This is a Stanford University publication
Cecile Andrews & Jane Rothsein
Texting, Tweeting and technology sending you toward a system crash?
Is modern-day multitasking and materialism maxing out your bandwidth? Cecile Andrews, author of Less is More, and Jane Rothstein, LCSW, coordinator of environmental behavior change in the Health Improvement Program explain how the “less is more” approach can help us regain our lives, find joy and feel more deeply.
BW: What makes modern life so stressful?
JR: We are all trying to do too many things in too little time. And, we think we should be able to do it all. Part of the reason we feel this way is because technology allows us to do things so quickly. So, we have developed the notion that we should be available and productive 24/7.
CA: We’re going too fast, we’re doing too much and we’re spending too much. Depression and anxiety have spiked. As a result of our behaviors, we’re destroying the planet, undermining our health and undermining the common good.
BW: Let's talk about pace. Should we learn to control the speed of our lives?
JR: The soul needs slowness. Being connected to nature every day can help slow the pace because it is soothing and has slower rhythms. Also, we should take the time to do things the old-fashioned way sometimes, like walking instead of driving or picking up the phone instead of e-mailing.
CA: Each one of us can learn to rush less. We can reduce our multitasking. We can learn to hang out and move in a leisurely fashion. We can take our time, enjoying the moment. Americans mistakenly believe that if they’re rich they’ll be happy. But after a certain level, more income does not bring more happiness. In fact, the pursuit of money can interfere with the most important ingredient of happiness: ties to other people.
BW: And now, content. Are we accumulating too much stuff?
CA: Our obsession with possessions undermines our lives in many ways. First, we go into debt. Until the arrival of the recent recession, the average American’s savings rate had plunged to zero. Next, in order to pay for our stuff, we’re forced to accept long work hours. Finally, buying and managing stuff takes time!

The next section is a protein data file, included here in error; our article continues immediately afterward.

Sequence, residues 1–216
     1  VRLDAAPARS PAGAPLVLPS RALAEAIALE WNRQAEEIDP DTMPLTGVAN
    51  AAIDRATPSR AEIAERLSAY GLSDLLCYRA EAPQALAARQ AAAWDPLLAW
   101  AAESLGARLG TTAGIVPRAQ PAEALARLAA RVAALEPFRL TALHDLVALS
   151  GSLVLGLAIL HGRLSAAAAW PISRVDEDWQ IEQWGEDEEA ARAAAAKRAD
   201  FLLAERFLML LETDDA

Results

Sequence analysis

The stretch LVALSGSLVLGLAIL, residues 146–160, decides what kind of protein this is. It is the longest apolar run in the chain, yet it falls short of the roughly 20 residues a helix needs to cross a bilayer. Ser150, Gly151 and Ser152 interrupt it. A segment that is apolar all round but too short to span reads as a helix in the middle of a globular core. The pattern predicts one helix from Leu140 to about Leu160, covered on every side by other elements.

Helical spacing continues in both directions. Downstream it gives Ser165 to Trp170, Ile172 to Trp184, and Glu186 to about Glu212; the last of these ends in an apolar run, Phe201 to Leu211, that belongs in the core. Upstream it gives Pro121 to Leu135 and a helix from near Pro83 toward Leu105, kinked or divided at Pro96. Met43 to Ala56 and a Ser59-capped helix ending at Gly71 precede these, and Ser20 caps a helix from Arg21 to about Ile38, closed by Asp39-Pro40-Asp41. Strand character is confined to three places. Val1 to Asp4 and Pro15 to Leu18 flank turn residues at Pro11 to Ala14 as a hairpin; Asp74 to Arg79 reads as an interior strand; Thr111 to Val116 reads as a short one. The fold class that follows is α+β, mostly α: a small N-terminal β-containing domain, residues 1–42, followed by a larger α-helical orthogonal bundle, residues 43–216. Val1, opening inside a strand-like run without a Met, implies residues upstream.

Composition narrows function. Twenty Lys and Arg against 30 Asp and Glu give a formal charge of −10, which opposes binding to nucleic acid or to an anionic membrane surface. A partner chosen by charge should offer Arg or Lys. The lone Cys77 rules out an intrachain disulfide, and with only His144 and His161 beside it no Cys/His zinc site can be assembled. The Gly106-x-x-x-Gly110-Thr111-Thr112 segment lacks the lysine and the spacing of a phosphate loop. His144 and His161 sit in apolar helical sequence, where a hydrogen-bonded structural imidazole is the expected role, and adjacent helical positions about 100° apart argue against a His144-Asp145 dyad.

Over the last several years our homes have doubled in size, giving us that much more space to fill, clean and supervise. All of this takes us away from more important things, such as connection and creativity.
BW: What role is technology playing in some of these concerns?
JR: It has sanitized the transmission of information by eliminating aspects of human warmth such as voices, expressions and emotions. Technology has also changed the pace of our interaction: We are getting too much information and not enough time to metabolize it. As a result of being able to click on links which immediately take us on to another webpage, and then another, our ability to concentrate has sometimes suffered erosion.
BW: What practical advice can you offer those of us who feel stressed on a regular basis?
CA: There are no simple answers to feeling stressed! Yes, we can learn to slow down, meditate, eat well, exercise and get more sleep. But, we need systemic change. Working to create a culture in which we care about the common good is the best stress reducer there is. We need more laughter and conversation—more picnics, dances, parties and gatherings in the park. We need to walk in our neighborhoods and stop and chat; we need more potlucks and book clubs and gardening clubs. At the heart of all change must be the experience of the joyful community
JR: Set realistic limits on what you can do. Learn to say “no” to some things. Schedule time to be outside and defend that time on your calendar. Use e-mail filters to prioritize your inbox. Ask that people call you instead of e-mail. And, when possible, find a time to unplug completely.